No one left behind: Buprenorphine (Suboxone) for adolescents and young adults with opioid use disorder
In the United States, approximately one million young adults (age 18-25) and half a million adolescents (age 12-17) report regular non-medical use of opioids; however, few studies have evaluated buprenorphine (i.e., Suboxone) treatment for youth with opioid use disorder. This study tested whether youth with opioid use disorder who received a longer buprenorphine taper did better than those who received a shorter one. Results showed that the longer (56-day) taper produced better opioid abstinence and retention outcomes than shorter (28-day) taper for youth with opioid use disorder.
WHAT PROBLEM DOES THIS STUDY ADDRESS?
Since the 1990’s, the United States has experienced a rapid spike in opioid use disorder and opioid-related overdoses, with more than 130 overdose-related deaths happening every day. Importantly, approximately one million young adults (age 18-25) and half a million adolescent (age 12-17) report regular non-medical use of opioids, making this a particularly high-risk group for opioid-related harms. Medications for opioid use disorder help reduce opioid use and risk for overdose, while improving the likelihood that people stay in treatment (i.e., treatment retention). Opioid agonist medications, like buprenorphine (commonly referred to by the brand name Suboxone), provide stable low–level stimulation of opioid receptors and block the effects of other opioids (e.g., heroin). While buprenorphine is well established as an effective medication for adults with opioid use disorder, its safety and efficacy for youth remains unclear, given little research has been conducted on buprenorphine treatment for youth with opioid use disorder. As a result, the optimal length of administration for youth remains undetermined. To address this gap, Marsch and colleagues evaluated the relative efficacy of a 28-day and a 56-day long buprenorphine taper in promoting abstinence from opioids and treatment retention among this high-risk yet understudied group.
HOW WAS THIS STUDY CONDUCTED?
This was a double-blind, placebo controlled, multicenter randomized controlled trial of 53 primarily White youth between the ages 16-24. The study took place in two hospital-based research clinics in New York City, USA from 2005 to 2010. Youth were assigned randomly to either a 28-day buprenorphine taper (n = 28) or 56-day buprenorphine taper (n = 25). Both groups received behavioral counseling as well as financial incentives in the form of vouchers for recreational activities (e.g., movie tickets) for both opioid abstinence and treatment attendance. Groups were matched to ensure balance on characteristics likely to influence treatment outcomes including gender, age (13-17 vs. 18-24 years), primary past-month route of opioid administration (injection or other), and the availability of a parent/guardian or significant other to participate. To avoid participants knowing what treatment group they were in (i.e., expectancy effects), each participant received the same number of identical-appearing tablets throughout the trial. The amount of active buprenorphine was reduced over the course of the study so that, by the end, each participant was taking only placebo tablets. Both taper groups had a minimum of one week of placebo dosing at the end of the taper. The primary outcome was opioid abstinence measured as a percentage of scheduled urine toxicology tests documented to be negative for opioids. Importantly, for the main analysis, study authors treated missed toxicology screens as positive. In subsequent analyses, they also examined the pattern of results when only administered screens were considered. The secondary outcome was treatment retention, measured as number of days attended scheduled visits.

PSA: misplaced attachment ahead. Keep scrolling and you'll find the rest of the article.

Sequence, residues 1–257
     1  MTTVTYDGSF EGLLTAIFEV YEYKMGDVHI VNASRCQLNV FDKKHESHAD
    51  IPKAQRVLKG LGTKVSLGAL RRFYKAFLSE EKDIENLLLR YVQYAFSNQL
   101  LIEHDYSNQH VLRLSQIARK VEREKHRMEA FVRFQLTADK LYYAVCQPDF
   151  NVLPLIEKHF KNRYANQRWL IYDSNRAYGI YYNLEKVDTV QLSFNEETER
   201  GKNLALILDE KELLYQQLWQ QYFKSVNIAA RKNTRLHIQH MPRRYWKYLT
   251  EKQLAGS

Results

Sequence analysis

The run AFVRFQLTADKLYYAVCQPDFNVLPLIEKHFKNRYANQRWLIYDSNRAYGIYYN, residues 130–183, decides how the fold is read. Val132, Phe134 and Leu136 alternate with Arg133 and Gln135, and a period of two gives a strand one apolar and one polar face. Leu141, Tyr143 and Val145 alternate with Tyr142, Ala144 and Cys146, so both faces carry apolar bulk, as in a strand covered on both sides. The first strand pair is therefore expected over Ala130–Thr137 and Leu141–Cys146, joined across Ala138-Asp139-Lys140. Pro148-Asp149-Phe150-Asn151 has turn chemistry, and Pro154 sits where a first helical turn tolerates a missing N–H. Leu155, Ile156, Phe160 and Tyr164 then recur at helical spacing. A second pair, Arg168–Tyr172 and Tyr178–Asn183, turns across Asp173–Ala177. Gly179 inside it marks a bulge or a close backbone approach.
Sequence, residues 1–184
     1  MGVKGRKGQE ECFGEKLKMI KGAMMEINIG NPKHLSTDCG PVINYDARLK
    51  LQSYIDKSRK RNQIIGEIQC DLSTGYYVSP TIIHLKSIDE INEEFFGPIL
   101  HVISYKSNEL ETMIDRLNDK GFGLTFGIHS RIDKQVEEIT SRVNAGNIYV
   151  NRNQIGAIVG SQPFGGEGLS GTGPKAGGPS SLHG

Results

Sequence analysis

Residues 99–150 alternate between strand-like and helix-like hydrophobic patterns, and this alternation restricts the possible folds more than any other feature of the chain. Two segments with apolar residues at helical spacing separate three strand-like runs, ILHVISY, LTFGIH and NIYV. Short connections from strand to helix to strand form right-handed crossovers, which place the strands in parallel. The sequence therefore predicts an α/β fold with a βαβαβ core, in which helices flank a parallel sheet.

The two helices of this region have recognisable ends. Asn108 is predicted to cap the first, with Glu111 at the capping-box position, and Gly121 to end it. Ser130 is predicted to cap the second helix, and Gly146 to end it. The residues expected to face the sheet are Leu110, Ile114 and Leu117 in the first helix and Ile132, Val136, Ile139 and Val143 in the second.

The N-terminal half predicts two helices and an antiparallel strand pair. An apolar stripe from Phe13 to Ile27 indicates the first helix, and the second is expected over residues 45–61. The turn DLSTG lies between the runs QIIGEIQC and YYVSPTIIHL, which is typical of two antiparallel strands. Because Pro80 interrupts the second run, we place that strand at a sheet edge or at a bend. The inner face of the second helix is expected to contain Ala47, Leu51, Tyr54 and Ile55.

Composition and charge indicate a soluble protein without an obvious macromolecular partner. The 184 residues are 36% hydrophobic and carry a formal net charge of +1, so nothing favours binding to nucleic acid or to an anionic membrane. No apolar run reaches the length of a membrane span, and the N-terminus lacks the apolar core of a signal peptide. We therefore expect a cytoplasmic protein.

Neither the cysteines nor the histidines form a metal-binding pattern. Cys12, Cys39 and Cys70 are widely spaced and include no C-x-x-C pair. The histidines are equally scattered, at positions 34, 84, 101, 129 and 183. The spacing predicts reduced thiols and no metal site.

WHAT DID THIS STUDY FIND?
Figure 1. Taken from Marsch et al., 2016: “Mean percentage of urine screens documented as opioid negative by buprenorphine treatment condition before and after changes in attendance requirement”
The longer 56-day taper was associated with significantly greater opioid abstinence in youth with opioid use disorder than the shorter 28-day taper.
Participants in the 56-day condition achieved significantly greater opioid abstinence compared to those in the 28-day condition. That is, youth in the 56-day condition had approximately 35% of scheduled urine screens negative for opioids compared to 17% in the 28-day taper group. Similar differences were observed between the two taper groups when percentage abstinence was based only on the period during which participants remained in treatment (42% vs. 23%) and when based solely on samples obtained (i.e., missing not considered positive; 56% vs. 31%). Importantly, there was evidence that participants in the 56-day taper group had a greater number of days of continuous abstinence from opioids compared to the 28-day taper (16 vs. 7 continuous days).
The longer 56-day taper was associated with significantly greater treatment retention in youth with opioid use disorder than the shorter 28-day taper.
Participants in the 56-day condition were retained in treatment significantly longer than those in the 28-day condition. 36% of participants in the 56-day compared to 18% of those in the 28-day conditions were retained at the end of the 63-day trial. Notably, differences in retention between taper groups were not dependent upon attendance schedule. Overall, 14 of the 53 participants complete the 63-day trail (~74% dropout rate).
WHAT ARE THE IMPLICATIONS OF THE STUDY FINDINGS?
This is the first study to compare two different buprenorphine-assisted taper lengths with no period of maintenance among youth with opioid use disorder. Results demonstrate that a longer (56-day) buprenorphine taper produces significantly better abstinence rates and retention outcomes for this population relative to a shorter (28-day) taper. This is a new and important finding, given the limited treatment research conducted with this population. Providing buprenorphine-assisted treatment to youth with opioid use disorder may greatly reduce their likelihood of continued and escalating substance involvement over their lifetime. Currently, no effective standard of care exists for this cohort. Thus, these data may be useful for developing treatment models that promote greater treatment retention, which may help youth benefit more from behavioral treatment and skills training offered within a treatment setting. This perspective is consistent with reviews of the existing treatment literature for youth opioid use disorder. Accordingly, some suggest that given the ongoing opioid epidemic, it may be time for health professionals to consider the use of medications for the treatment of opioid use disorder for their adolescent patients. However, much of the evidence in this area focuses on treatment retention. Thus, as it sits right now, clinicians lack solid evidence to guide them. The debate about whether to prescribe opioid medications to adolescents remains as much philosophical as empirical.